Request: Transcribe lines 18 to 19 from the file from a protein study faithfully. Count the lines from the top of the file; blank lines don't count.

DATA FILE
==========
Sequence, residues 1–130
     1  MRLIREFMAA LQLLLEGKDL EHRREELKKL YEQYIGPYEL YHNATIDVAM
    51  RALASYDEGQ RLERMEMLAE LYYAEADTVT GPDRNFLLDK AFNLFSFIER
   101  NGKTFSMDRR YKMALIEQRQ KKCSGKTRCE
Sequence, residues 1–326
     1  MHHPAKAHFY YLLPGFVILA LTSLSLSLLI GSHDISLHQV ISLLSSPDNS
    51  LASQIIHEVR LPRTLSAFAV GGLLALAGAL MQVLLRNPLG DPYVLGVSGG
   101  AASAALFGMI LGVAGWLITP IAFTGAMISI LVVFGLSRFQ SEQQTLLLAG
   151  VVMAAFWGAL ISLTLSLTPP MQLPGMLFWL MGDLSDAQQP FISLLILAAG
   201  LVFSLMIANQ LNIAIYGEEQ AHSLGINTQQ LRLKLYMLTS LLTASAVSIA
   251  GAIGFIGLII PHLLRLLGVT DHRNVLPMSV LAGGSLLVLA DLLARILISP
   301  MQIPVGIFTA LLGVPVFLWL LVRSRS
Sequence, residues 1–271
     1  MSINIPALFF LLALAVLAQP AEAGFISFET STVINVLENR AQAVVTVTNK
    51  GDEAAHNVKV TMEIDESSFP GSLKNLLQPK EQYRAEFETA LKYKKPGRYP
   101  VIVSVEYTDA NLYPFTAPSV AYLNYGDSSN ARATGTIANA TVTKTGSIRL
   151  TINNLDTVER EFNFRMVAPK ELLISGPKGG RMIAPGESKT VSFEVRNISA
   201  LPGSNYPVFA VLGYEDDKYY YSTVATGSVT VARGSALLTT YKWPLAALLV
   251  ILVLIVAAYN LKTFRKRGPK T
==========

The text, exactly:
   201  LPGSNYPVFA VLGYEDDKYY YSTVATGSVT VARGSALLTT YKWPLAALLV
   251  ILVLIVAAYN LKTFRKRGPK T